Truth and the nature of the Mythos do not sit easily together, fictionally or in reality. Within the fiction, the truth is always just out of grasp and even the slightest flicker of understanding generally brings madness not enlightenment (unless the two are counted as identical). In reality, neither Lovecraft, Bierce nor Chambers established the definitive 'truth' behind their stories and few subsequent writers have attempted to do so (and those who have are often in conflict with other writers). In addition, there is no agreement over the Canon of stories that are regarded as 'true', that form the basis of the Yellow Mythos. Thus, there can be no appeal to truth when dealing with the Mythos, except, perhaps, a 'consensus truth' reflecting the assumptions of the majority of writers - a 'truth' that is useful for understanding general trends, but which has no deeper meaning and may be overturned by a stroke of a pen.
It should also be remembered that just because something is referred to in the fiction and may even be believed to be true by the protagonists, it does not mean that it is objectively true in the fictional reality, nor that it is what the writer intended as the truth, nor that subsequent authors must be bound by such an interpretation. For example, the notorious Elemental Theory has received a lot of condemnation, yet is exactly the sort of thing one would expect to find a mouldy old tome of muddled Mythos lore - that an occultist believed it to be true, that it is seemingly true in a given story, does not mean that it is actually true. It is perfectly legitimate to have characters hold or consider such a theory, even if they prove wrong or the truth remains ambiguous.
The 'Consensus Truth'Edit
Some examples of the 'consensus truth' could include :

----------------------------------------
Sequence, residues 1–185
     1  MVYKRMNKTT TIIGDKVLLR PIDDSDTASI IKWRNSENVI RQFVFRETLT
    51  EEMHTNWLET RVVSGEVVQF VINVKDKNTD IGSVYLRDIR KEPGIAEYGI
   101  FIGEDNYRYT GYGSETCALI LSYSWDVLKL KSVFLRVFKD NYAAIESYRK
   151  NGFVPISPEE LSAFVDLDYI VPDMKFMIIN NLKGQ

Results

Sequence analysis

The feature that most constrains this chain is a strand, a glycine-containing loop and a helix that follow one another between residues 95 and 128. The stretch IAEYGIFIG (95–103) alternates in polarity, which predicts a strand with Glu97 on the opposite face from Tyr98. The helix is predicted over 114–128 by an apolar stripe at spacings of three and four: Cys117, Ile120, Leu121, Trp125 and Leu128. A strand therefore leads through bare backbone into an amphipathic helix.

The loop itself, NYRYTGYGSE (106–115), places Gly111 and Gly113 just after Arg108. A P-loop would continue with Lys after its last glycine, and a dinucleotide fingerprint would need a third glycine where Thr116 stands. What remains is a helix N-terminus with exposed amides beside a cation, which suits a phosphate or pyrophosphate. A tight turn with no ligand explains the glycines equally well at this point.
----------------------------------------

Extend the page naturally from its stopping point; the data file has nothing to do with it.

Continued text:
- The Migo are at war with the Brothers of the Yellow Sign.
- Although this is accepted as true by many subsequent writers, a close reading of The Whisperer in Darkness hints that this might be a lie and that either there is no connection at all between the two, that the Brotherhood is actually fictional or, even, that the Brotherhood and the Migo are actually allies. Lovecraft left the truth vague and it is the literal reading that has most often been followed. However, it is equally valid for a writer to adopt one of the alternative premises.
- The King In Yellow is an avatar of Hastur.
- This actually has no real support in the source material, although many later writers (following Derleth) have taken this route. In fact, the nature of Hastur is so fluid that it is unclear whether it is an entity. (Of course, it could easily be an entity and a place in ways mortal minds cannot comprehend.) The King In Yellow could equally be an entity in its own right or an avatar of Nyarlathotep.
- The Play exists.
- Most writers assume that the Play really does exist, although there is every chance that it is actually the imaginary creation of a delusional maniac.